by Terry Rogers
On July 4, the sound of the carillon at the First Presbyterian Church in downtown Milford will ring with patriotic music. John Huntzinger, an elder and historian at the church, explained that this was something he did as a young man at his church in northern New Jersey.
“I started doing this in about 7th grade,” Huntzinger said. “We had a carillon with about nine real bells. After retiring from the Air Force and moving full time to the Milford area in 2013, I became a member of the First Presbyterian Church of Milford. I learned that they had an electronic carillon and remembered playing bells/carillon on special occasions to include the 4th of July and got permission to play their carillon on the 4th of July several years ago. One reason I wanted to do this was because there were no other 4th of July events in or near Milford. I recall watching the fireworks display at Slaughter Beach where my parents lived, and I missed that.”
Huntzinger explained that Milford native, Harvey Gillespie, have played the patriotic carillon music for several years. This year, Gillespie will be handling the bell ringing on his own as Huntzinger will be out of town visiting family.
The First Presbyterian Church is on its third electronic carillon, Huntzinger explained. The first was dedicated in 1963 in memory of Mr. and Mrs. Samuel C. Evans, Jr., who were both active in the church and its music programs.
“The first carillon was state-of-the-art for its day,” Huntzinger said. “It used paper tape for music and tuning forks to generate the music which was then amplified. The second electronic carillon was also state-of-the-art for its day and had unique, large cassettes which held the music. Harvey faithfully changed them for the seasons for many years. That electronic carillon gave up the ghost late in 2017 and was replaced on Easter Sunday 2018 by a modern, solid-state electronic carillon in which all music is internally stored on a hard drive. The speakers for the carillon are located in the Church spire and are quite large but not as loud as one might think.”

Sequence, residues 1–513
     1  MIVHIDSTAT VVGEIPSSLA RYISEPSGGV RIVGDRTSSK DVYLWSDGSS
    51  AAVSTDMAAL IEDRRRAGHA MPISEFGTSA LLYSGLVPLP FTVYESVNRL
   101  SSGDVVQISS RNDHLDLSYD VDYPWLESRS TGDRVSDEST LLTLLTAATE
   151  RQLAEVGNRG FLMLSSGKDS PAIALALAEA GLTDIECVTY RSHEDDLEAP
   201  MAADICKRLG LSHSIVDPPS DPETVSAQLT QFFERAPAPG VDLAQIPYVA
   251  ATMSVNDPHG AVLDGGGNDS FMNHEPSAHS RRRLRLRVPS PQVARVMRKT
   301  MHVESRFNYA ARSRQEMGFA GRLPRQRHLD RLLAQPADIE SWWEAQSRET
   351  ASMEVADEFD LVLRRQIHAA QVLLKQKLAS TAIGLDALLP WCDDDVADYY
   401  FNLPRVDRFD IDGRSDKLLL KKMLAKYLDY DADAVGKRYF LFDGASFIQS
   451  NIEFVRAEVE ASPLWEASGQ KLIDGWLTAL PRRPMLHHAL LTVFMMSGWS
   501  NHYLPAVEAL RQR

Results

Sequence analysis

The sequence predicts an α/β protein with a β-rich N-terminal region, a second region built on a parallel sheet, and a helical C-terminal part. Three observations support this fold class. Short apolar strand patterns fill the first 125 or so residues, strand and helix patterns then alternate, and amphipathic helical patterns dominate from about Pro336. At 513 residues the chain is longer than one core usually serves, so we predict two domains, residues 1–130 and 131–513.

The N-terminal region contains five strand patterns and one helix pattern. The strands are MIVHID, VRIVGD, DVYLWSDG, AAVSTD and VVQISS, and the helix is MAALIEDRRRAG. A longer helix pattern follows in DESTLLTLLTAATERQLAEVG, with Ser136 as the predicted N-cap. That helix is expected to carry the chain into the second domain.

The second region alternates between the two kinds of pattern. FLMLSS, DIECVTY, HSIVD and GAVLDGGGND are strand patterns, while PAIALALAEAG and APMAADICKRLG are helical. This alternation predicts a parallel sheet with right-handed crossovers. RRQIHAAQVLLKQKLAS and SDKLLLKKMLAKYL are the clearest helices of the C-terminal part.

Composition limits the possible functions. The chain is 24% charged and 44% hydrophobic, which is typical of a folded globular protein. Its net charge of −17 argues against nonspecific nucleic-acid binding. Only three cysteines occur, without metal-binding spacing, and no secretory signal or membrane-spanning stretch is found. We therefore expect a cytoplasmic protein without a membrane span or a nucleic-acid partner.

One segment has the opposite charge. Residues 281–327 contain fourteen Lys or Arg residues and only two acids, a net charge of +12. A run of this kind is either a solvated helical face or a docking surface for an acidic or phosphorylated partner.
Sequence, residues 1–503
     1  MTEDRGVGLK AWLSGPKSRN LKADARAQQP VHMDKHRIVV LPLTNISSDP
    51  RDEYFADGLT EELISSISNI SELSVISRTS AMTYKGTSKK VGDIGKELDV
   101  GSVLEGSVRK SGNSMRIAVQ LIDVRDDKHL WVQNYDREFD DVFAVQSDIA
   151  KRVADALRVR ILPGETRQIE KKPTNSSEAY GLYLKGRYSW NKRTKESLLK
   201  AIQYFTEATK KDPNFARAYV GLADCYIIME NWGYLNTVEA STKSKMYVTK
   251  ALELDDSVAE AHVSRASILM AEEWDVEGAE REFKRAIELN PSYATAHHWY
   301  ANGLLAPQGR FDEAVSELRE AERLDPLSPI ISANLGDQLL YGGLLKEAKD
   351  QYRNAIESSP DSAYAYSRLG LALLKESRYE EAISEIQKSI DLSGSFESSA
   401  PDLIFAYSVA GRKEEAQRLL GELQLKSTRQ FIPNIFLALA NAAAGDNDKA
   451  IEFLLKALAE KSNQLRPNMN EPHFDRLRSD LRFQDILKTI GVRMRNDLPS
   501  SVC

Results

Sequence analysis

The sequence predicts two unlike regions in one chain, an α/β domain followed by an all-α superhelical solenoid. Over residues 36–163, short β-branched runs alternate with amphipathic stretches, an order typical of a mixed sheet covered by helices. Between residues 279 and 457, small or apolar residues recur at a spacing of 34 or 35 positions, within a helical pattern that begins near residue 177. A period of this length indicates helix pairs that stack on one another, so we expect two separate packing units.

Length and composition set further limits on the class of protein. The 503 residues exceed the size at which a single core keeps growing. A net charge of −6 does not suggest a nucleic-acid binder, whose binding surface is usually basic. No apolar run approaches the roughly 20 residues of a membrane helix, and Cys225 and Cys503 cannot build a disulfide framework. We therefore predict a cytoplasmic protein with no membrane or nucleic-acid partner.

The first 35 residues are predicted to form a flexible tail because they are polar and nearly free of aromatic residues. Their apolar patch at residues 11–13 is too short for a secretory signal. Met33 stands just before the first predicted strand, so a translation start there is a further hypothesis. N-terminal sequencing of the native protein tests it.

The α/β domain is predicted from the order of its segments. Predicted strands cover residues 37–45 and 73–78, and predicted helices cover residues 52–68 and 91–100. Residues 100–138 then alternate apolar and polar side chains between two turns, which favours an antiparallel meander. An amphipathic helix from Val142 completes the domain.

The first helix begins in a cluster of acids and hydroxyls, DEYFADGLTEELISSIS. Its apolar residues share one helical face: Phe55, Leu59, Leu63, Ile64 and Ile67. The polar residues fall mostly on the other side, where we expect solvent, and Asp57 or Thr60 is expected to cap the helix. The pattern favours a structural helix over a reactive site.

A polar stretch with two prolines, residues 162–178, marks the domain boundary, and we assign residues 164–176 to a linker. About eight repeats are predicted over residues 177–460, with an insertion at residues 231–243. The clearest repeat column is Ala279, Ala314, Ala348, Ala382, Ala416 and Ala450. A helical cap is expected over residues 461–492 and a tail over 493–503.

Anyone interested in enjoying the patriotic carillon concert can bring chairs to areas around the church. Huntzinger suggested that the best place to hear the bells is within a block or two of the Church.
“Good listening spots are in parking lots at the rear of the Church on Pearl Alley, near Lifecycle,” Huntzinger said. “Also the Milford Public Library, the City of Milford Customer Service Center on South Walnut Street and in front of the Church on South Walnut Street.”
There will not be any food or beverage services, but residents are encouraged to bring picnic lunches to enjoy as they listen to the bells. Huntzinger also asked that those enjoying the music practice social distancing in order to keep everyone safe.